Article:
- Salon Touring with passage to the front bench; rarely without direct access to the front row of seats.
- Tourabout : Light and particularly sporty version for usually four to five people. The name went out of fashion after 1910, so that such vehicles often did not have front doors. Depending on the bodywork, there were no doors at the rear either. The term overlaps with the Toy Tonneau .
- Tourster : Word formation from "Touring" and "Roadster". This more modern name of the Tourabout can be traced back to the late 1910s (e.g. in Auburn ). The body of the Tourster is narrower than that of the normal Touring resp. Phaeton and usually shorter. The tourster is typically 4-seater and 4-door. Roadsters were also often offered with 3 or 4 seats, but had two doors. The term tourster overlaps with the torpedo , occasionally the terms foursome or sport model are also found . The last and best-known toursters include the specimens built at Derham in the early 1930s on the long Duesenberg chassis based on a design by Gordon Buehrig .
- Convertible Touring : Touring with four doors, retractable or removable side windows and convertible top; This resulted in the All Weather Phaeton with extended weather protection and the Convertible Sedan (in Germany and France: Cabriolet, four-door).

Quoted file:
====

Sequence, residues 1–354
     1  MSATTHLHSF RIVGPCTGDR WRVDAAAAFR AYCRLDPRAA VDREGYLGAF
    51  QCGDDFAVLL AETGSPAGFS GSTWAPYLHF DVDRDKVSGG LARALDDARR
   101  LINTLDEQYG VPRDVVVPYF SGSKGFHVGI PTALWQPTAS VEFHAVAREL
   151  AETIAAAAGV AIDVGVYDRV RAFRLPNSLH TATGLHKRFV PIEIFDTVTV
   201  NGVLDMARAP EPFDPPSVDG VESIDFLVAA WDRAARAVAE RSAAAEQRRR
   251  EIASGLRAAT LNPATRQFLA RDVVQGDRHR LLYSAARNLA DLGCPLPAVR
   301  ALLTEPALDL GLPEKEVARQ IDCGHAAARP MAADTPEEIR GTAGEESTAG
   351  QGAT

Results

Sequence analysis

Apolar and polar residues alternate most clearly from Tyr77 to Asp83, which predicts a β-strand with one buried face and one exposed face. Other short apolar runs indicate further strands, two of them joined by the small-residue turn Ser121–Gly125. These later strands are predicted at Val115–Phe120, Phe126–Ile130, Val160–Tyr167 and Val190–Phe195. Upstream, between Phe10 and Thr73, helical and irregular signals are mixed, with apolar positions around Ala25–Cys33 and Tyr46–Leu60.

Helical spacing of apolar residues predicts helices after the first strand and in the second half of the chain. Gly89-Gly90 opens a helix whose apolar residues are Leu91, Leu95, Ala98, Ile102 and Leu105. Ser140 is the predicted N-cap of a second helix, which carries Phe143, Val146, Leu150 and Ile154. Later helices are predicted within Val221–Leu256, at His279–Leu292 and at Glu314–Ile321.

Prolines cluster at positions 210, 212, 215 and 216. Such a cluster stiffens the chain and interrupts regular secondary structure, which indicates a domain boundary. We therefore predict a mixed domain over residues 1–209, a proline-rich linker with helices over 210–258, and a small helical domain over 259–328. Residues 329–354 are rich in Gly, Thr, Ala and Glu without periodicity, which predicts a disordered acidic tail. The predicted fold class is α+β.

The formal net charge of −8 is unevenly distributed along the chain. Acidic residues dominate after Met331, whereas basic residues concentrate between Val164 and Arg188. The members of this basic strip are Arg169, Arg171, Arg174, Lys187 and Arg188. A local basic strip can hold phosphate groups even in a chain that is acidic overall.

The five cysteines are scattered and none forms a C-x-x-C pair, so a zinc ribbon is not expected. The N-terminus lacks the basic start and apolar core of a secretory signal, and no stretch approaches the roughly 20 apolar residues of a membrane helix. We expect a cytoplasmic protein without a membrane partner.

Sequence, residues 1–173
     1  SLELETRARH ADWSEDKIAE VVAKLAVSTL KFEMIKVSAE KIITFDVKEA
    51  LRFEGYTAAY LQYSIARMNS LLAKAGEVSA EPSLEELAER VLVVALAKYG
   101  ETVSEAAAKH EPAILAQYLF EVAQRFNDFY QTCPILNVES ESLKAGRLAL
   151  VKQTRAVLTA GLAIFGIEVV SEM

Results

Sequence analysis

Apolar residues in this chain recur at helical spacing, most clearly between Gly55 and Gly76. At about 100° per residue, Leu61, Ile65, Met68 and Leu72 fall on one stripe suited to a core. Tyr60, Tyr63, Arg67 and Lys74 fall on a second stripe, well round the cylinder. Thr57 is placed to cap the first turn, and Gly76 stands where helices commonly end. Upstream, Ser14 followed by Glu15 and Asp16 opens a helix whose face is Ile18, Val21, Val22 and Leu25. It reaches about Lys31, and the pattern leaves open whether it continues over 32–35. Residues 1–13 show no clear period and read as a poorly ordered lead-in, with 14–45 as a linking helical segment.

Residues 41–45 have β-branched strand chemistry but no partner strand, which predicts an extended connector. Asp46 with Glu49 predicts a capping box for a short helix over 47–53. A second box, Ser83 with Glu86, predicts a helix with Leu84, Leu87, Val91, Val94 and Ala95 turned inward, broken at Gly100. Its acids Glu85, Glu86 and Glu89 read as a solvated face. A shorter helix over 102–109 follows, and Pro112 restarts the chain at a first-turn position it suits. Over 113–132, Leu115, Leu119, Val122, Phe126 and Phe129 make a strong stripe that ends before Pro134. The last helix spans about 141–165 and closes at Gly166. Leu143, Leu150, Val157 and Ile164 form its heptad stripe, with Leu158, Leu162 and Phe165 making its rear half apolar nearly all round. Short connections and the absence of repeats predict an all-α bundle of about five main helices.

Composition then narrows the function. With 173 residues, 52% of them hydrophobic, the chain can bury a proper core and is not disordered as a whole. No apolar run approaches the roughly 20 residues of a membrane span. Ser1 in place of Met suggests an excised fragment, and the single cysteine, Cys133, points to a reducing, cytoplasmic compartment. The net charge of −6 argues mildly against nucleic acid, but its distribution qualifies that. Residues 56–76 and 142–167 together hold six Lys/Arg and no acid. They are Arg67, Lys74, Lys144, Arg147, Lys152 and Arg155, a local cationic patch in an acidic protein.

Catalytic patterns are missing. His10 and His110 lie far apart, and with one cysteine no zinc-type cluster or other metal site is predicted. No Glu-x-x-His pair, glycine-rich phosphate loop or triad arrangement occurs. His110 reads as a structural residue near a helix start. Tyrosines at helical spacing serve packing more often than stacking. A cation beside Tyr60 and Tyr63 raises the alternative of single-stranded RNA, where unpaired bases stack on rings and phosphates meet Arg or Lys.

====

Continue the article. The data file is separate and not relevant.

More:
- Convertible Sedan : Salon Touring with removable, fixed roof. The roof would be called a hardtop today. This design did not catch on and the term was then used for a more conventional vehicle (see above).
- Open Sedan : Touring with a non-removable, fixed roof and removable windows. The roof would be called a hardtop today. Concept and design did not prevail.
- Open sedan : Touring with a non-removable, fixed roof and removable windows. The roof would be called a hardtop today. Concept and design did not prevail. It should be noted that the limousine was defined at this time with an open chauffeur compartment (but fixed roof), closed passenger compartment and partition. A chauffeur limousine according to today's understanding (closed all round, partition) would then be called Berline , Conduite-Intérieur or Enclosed-drive sedan .
After the Second World War , the open touring cars were only available for use by the military or the police . These vehicles were called Kübelwagen and generally had side windows made of soft plastic.